C. The Motion for Judgment of Acquittal and the Sentence.
Mitchell argues that his motion for judgment of acquittal should have been granted because the government relied on an in-court identification procedure instead of out-of-court line-up or photographic identification procedure. According to Mitchell, an in-court identification is inherently untrustworthy and should not be the basis of a conviction. Additionally, he argues that a key government witness lied and another witness presented contradictory testimony. These arguments were previously used by co-defendant Oglesby in his companion case. We rejected similar claims there, Oglesby, 764 F.2d at 1278-79, and do the same here. In taking the view most favorable to the government, there was substantial evidence to sustain the jury's verdict. Glasser v. United States, 315 U.S. 60, 80, 62 S.Ct. 457, 469, 86 L.Ed. 680 (1942); United States v. Dennis, 737 F.2d 617, 619 (7th Cir.1984).
Finally, the defendant argues that his sentence of twenty years constitutes cruel and unusual punishment. Mitchell notes that he has a record of only non-violent crimes, and that no one was injured in the crime under consideration. He contends these factors render the twenty-year sentence cruel and unusual punishment in violation of the Eight Amendment to the United States Constitution. The sentence given to Mitchell was within the statutory limit; the maximum sentence for a violation of 18 U.S.C. Sec. 2113(a) and (d) together is a fine of $10,000 and 25 years' imprisonment. No fine was imposed. Moreover, the sentence was under 18 U.S.C. Sec. 4205(a) permitting release on parole after serving one third of the sentence. "It is widely established that a district court has wide discretion in determining what sentence to impose," United States v. McCoy, 770 F.2d 647 (7th Cir.1985) (quoting United States v. Tucker, 404 U.S. 443, 446, 92 S.Ct. 589, 591, 30 L.Ed.2d 592 (1972)), and as Mitchell's sentence was within the maximum provided by Congress, it is only subject to review on appeal for a manifest abuse of discretion. United States v. Carter, 720 F.2d 941, 951 (7th Cir.1983).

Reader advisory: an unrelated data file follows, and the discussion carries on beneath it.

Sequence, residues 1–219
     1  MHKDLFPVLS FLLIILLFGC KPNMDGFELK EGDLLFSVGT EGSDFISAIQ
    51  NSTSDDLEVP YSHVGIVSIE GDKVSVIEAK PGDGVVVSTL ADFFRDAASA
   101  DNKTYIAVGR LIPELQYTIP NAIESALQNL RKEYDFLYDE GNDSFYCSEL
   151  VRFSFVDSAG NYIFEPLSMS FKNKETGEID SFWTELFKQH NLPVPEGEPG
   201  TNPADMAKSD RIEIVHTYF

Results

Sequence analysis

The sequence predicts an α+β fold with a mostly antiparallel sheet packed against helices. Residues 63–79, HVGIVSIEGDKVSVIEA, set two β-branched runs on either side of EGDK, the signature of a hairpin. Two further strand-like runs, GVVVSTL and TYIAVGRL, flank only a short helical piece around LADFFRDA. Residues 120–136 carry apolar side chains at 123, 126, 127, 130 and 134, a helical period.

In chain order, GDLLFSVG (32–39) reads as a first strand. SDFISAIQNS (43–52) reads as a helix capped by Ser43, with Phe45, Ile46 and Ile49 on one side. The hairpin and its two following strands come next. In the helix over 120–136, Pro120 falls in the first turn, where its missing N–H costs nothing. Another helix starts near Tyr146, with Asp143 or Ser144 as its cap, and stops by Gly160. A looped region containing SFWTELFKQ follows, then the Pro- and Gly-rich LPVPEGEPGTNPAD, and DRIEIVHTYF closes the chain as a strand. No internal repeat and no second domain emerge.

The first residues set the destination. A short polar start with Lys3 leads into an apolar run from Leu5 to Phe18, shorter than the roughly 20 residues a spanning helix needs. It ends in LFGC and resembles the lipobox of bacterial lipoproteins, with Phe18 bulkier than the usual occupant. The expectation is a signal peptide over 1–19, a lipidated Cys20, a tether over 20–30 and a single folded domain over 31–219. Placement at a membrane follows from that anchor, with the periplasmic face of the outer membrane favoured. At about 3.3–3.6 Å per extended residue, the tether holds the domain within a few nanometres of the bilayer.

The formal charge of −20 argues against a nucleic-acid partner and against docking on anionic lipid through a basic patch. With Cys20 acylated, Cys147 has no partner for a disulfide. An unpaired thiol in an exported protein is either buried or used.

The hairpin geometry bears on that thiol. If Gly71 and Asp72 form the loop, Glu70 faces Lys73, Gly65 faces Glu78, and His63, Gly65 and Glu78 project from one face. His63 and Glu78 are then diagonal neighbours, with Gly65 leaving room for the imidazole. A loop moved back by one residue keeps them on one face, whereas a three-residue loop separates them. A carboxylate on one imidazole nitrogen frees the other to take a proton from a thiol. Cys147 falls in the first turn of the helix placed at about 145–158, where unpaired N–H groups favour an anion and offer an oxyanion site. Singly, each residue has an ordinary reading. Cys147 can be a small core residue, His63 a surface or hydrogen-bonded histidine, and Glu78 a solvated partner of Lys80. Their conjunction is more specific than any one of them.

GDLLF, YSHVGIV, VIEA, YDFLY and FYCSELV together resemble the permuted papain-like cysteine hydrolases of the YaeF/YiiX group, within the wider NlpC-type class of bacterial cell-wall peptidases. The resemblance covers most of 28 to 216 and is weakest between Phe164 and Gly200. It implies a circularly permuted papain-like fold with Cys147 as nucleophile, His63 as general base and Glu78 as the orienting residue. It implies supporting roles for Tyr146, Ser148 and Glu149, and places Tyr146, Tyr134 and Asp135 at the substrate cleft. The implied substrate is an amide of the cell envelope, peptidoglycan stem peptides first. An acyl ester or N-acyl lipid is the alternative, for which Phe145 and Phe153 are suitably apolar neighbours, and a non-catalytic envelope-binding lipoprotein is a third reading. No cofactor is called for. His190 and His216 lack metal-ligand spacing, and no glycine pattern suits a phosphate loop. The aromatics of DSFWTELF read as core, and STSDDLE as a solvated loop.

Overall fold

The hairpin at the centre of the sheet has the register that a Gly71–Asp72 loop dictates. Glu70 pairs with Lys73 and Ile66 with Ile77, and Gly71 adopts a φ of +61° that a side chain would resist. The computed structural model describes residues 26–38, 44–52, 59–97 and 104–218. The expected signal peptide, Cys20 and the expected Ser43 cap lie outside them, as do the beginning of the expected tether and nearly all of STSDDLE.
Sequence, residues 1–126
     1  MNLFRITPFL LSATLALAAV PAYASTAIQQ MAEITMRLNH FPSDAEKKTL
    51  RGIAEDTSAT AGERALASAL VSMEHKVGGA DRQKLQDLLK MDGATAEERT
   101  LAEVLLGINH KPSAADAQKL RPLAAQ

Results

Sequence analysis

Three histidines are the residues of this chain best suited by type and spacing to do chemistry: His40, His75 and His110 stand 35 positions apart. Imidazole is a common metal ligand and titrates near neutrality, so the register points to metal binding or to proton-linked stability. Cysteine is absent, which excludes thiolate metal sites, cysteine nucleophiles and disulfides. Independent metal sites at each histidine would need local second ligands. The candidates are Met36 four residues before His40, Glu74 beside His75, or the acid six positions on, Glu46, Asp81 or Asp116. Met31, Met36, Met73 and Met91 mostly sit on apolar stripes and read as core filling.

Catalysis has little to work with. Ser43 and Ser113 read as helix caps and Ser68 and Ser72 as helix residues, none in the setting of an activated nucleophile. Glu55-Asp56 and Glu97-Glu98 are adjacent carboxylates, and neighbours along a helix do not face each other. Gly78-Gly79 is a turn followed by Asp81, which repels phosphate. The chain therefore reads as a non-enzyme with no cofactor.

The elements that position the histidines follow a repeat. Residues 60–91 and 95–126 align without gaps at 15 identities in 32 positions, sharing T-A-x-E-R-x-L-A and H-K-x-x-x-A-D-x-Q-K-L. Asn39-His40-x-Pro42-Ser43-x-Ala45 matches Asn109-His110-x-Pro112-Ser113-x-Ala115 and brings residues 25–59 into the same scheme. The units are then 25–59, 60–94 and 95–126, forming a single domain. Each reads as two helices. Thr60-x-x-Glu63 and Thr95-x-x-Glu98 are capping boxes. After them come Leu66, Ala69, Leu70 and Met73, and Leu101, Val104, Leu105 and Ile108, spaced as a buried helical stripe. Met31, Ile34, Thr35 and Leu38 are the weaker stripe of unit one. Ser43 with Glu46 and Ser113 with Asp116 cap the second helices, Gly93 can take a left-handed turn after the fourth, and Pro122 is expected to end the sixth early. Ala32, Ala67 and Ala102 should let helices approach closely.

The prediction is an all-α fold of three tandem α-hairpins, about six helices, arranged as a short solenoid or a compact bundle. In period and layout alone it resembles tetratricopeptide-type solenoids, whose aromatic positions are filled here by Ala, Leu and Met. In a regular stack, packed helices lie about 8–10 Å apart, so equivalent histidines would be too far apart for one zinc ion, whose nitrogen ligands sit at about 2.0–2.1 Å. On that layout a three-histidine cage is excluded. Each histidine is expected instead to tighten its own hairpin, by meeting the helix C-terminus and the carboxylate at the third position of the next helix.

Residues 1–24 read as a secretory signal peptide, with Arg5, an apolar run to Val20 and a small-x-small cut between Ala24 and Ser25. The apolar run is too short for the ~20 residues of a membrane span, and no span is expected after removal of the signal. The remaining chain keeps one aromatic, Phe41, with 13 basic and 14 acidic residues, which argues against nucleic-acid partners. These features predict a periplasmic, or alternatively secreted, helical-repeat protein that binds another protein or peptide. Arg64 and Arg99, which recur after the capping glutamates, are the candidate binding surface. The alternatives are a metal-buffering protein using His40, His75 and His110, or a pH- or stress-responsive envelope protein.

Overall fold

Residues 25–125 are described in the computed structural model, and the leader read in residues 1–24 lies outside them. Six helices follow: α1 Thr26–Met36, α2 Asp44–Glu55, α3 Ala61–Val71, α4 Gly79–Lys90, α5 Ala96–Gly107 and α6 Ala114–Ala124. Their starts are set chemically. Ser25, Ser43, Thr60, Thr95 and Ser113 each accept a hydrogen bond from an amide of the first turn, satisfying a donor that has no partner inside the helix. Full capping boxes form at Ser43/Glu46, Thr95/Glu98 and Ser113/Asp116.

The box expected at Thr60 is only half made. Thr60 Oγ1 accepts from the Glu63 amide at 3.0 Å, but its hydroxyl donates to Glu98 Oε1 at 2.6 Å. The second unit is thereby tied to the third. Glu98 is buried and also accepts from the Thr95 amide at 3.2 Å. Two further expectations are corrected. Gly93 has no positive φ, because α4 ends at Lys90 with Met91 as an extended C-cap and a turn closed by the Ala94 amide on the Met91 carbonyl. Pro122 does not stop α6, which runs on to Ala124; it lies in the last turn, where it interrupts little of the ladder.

Considering the violent nature of Mitchell's crime--he pointed a loaded .357 Magnum revolver at the bank's employees--along with his prior criminal record,5 this Court cannot say that the district judge abused his discretion in sentencing him to less than the statutory maximum or that the sentence was disproportionate to the severity of his offense. Compare Solem v. Helm, 463 U.S. 277, 103 S.Ct. 3001, 77 L.Ed.2d 637 (1983). Mitchell has simply failed to demonstrate that his sentence constitutes cruel and unusual punishment within the purview of the Eighth Amendment.
The judgment of the district court is
After preliminary examination of the briefs, the court notified the parties that it had tentatively concluded that oral argument would not be helpful to the court in this case. The notice provided that any party might file a "Statement as to Need of Oral Argument." See Rule 34(a), Fed.R.App.P.; Circuit Rule 14(f). No such statement having been filed, the appeal has been submitted on the briefs and record
These Sections provide:
(a) Whoever, by force and violence, or by intimidation, takes, or attempts to take, from the person or presence of another any property or money or any other thing of value belonging to, or in the care, custody, control, management, or possession of, any bank, or any savings and loan association; or
Whoever enters or attempts to enter any bank, or any savings and loan association, or any building used in whole or in part as a bank, or as a savings and loan association, with intent to commit in such bank, or in such savings and loan association, or building, or part thereof, so used, any felony affecting such savings and loan association and in violation of any bank or such statute of the United States, or any larceny--
Shall be fined not more than $5,000 or imprisoned not more than twenty years, or both.
* * *
(d) Whoever, in committing, or attempting to commit, any offense defined in subsections (a) and (b) of this section, assaults any person, or puts in jeopardy the life of any person by the use of a dangerous weapon or device, shall be fined not more than $10,000 or imprisoned not more than twenty-five years, or both.
18 U.S.C. Sec. 2113(a) & (d) (1985).
The following two colloquies took place between the court, Mitchell, Hackett, and Bruce E. Reppert, the Assistant United States Attorney, the first before, and the second after lunch: